Yukon Quest sled dog race co-founder LeRoy Shank dies

LeRoy Shank (left) waits at the finish line of the 2020 Yukon Quest with Hugh Neff (Lex Treinen/KUAC)

LeRoy Shank, one of the founders of the Yukon Quest International Sled Dog race has died. 

The 79-year-old suffered from Parkinson’s disease and passed away over the weekend in Fairbanks.

According to Yukon Quest lore, LeRoy Shank, friend Roger Williams and a few others came up with the idea for the race while drinking at a local bar, but long-time Quest executive director Marti Steury says there’s a little more to the story.

“‘LeRoy Shank worked at the News-Miner and he and his co-worker Roger Williams, who was a history buff, both started talking about taking short little mid-distance races and connecting together all the short little mail trails all the way to Whitehorse. And that conversation they had from month to month. They weren’t the first, but they were the first to actually take that conversation and turn it into something else,” Steury said.

LeRoy Shank (left) and Roger Williams (Photo courtesy of Yukon Quest Alaska)

Something else was an actual race, which Steury says involved cooperation and organization with fellow history and mushing enthusiasts in the Yukon, an effort that gelled during a fall 1983 public meeting in Fairbanks.

“It was a small group of us that were there. Someone said, ‘Well gosh, you know, I can help with the dinner.’ Someone said, ‘Gosh, well, I have a snow machine, I can help with the trail. I can help with this,’ and they were explaining all the different things they were doing and there was a gentleman in the back that stood up and said, ‘Hey, I believe in what you’re doing so much, here’s my entry fee!’ and LeRoy jumped up and said ‘The race is on!’” Steury said.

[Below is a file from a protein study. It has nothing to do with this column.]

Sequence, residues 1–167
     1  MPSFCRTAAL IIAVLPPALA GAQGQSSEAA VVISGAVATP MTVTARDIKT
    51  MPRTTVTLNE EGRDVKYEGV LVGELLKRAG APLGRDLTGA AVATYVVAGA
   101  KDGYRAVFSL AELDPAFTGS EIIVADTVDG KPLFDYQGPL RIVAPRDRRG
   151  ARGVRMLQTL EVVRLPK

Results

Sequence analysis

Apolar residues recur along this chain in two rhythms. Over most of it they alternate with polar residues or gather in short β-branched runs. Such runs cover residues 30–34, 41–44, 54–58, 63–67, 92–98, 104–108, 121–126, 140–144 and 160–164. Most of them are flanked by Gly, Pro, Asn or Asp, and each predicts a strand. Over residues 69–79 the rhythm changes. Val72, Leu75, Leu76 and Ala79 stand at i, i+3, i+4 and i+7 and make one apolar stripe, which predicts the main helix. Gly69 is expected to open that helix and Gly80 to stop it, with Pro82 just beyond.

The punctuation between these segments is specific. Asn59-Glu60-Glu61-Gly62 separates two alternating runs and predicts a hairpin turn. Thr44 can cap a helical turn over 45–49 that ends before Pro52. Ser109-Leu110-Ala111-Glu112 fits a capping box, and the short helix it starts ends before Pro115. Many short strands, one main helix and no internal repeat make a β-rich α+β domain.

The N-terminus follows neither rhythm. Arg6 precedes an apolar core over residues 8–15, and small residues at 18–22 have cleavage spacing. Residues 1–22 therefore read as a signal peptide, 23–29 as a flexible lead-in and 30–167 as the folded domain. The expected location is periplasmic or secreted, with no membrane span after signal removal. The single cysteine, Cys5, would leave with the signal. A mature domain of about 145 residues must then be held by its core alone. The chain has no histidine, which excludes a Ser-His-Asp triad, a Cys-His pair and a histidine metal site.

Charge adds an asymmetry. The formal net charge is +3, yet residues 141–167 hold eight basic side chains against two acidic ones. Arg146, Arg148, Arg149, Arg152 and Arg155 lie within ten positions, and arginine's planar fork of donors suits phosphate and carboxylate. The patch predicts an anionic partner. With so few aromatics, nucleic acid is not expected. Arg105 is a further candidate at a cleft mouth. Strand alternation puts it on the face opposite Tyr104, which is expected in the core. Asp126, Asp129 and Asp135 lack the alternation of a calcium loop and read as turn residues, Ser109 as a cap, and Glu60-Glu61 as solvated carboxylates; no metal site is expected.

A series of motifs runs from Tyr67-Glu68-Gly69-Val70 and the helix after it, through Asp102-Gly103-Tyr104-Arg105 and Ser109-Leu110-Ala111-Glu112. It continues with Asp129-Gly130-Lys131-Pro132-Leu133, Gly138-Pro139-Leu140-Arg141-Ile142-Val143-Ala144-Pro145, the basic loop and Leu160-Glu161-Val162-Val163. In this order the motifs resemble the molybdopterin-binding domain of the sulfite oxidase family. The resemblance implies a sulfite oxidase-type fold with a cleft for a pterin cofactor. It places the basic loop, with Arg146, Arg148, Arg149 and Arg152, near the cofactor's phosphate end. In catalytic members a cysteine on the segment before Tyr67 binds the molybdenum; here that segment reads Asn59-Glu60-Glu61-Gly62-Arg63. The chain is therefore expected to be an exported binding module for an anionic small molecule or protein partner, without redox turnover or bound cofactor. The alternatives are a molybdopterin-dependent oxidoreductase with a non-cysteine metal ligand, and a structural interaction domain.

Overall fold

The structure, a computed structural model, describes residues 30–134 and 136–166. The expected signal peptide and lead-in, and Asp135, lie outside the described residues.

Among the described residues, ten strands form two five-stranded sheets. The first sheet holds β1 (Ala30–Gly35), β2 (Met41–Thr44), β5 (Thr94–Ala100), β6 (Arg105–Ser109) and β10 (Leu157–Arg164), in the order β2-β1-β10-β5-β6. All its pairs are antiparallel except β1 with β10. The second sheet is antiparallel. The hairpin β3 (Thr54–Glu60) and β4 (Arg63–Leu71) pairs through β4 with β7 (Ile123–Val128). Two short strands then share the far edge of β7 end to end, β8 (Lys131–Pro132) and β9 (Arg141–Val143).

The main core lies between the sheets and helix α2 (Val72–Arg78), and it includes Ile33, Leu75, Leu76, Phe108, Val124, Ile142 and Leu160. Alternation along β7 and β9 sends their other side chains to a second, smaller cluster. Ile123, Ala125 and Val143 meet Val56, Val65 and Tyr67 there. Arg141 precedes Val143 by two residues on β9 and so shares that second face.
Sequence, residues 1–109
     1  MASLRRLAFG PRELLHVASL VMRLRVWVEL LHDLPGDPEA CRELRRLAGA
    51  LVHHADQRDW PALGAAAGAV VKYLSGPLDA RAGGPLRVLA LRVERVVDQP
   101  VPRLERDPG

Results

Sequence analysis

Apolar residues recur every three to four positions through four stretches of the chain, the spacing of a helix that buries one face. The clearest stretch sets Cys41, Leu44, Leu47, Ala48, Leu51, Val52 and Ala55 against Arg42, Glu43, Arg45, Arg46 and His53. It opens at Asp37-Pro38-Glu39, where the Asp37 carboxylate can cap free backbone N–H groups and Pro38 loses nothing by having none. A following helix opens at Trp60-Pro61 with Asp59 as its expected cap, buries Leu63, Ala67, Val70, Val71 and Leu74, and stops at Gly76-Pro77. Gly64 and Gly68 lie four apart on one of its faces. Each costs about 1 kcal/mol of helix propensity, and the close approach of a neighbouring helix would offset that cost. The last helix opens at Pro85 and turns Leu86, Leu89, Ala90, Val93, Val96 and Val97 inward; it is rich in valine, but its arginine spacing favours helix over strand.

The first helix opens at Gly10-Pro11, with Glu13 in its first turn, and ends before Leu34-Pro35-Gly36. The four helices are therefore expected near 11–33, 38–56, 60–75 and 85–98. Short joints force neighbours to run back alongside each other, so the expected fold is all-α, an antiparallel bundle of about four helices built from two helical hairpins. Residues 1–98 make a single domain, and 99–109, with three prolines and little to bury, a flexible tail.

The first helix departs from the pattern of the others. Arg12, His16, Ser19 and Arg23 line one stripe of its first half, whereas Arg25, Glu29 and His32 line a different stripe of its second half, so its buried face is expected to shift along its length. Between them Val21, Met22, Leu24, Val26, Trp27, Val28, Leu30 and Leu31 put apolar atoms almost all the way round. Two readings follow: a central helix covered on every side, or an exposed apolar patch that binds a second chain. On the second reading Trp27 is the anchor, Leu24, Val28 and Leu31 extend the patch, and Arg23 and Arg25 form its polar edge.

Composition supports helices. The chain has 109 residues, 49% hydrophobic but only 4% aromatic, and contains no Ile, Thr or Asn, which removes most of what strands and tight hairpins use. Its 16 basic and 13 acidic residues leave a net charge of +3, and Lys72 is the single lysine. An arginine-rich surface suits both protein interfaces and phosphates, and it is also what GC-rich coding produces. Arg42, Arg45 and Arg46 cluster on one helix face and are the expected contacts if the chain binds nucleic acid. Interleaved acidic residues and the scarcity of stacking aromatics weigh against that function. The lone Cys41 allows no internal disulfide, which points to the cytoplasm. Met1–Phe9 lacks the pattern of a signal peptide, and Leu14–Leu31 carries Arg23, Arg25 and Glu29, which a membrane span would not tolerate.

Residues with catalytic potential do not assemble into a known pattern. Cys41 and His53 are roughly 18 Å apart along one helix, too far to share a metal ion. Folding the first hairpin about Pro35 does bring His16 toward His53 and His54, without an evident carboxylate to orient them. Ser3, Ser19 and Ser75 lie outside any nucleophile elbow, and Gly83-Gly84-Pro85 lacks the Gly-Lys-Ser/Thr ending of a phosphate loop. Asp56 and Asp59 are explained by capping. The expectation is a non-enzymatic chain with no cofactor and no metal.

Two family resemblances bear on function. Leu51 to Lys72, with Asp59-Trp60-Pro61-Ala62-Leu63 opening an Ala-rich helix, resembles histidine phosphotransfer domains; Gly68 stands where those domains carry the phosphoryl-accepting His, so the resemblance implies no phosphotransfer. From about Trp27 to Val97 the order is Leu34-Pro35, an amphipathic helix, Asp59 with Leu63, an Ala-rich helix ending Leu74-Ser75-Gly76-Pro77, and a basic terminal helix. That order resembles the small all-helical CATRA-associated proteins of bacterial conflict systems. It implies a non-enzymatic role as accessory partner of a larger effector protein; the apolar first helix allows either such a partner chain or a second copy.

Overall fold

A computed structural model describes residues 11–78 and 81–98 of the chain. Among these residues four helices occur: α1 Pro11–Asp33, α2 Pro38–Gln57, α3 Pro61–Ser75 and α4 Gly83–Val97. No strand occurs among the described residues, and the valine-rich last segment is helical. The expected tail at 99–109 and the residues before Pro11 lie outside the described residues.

The first running of the Yukon Quest was in February 1984, and 37 years later, over a thousand mushers have left the start line, including LeRoy himself, and his more recently his granddaughter. 

“To be honest with you, when I got one dog, and then I got two dogs, and then I got three dogs, he was like, ‘Oh no, I see where this is going.’” said Olivia Shank-Neff, Shank’s granddaughter. “But he definitely wanted me to do the Quest, like he asked me, ‘You’re gonna sign up this year, right?’”

Olivia Shank-Neff poses with LeRoy at the finish of the 2020 Yukon Quest (Lex Treinen/KUAC)

Shank-Neff describes her grandfather as her best friend: a relationship she says revolved around dogs and the outdoors.

This past February Shank-Neff made grandpa proud completing her rookie run in the red lantern spot, with LeRoy there to see it.

“I finished and walked into the banquet with all my musher attire on, and I made it just in time, and apparently, the one time LeRoy finished the Quest, he arrived during the banquet too and came in with all his mushing attire on. He was just so happy that I finished,” Shank-Neff said.

Shank-Neff and husband Hugh Neff, a two-time Quest champion, took care of Leroy as his struggle with Parkinson’s worsened. Hugh escorted LeRoy along the rail to watch Shank-Neff when she passed through road accessible race checkpoints, a fitting last adventure for the race co-founder and longtime volunteer, service they hope to honor with an annual award. 

“He was the Quest’s number one volunteer, that’s what he always talked about, so we’re hoping in the future to honor him somehow with some type of award on a yearly basis with the Quest that could be for the number one volunteer. That’s what LeRoy was all about was about giving back,” Neff saod. 

A memorial service will be scheduled after the coronavirus situation calms down, and, as he requested, LeRoy’s ashes will be scattered at his favorite fishing spot.

Dan Bross is a reporter at KUAC in Fairbanks.

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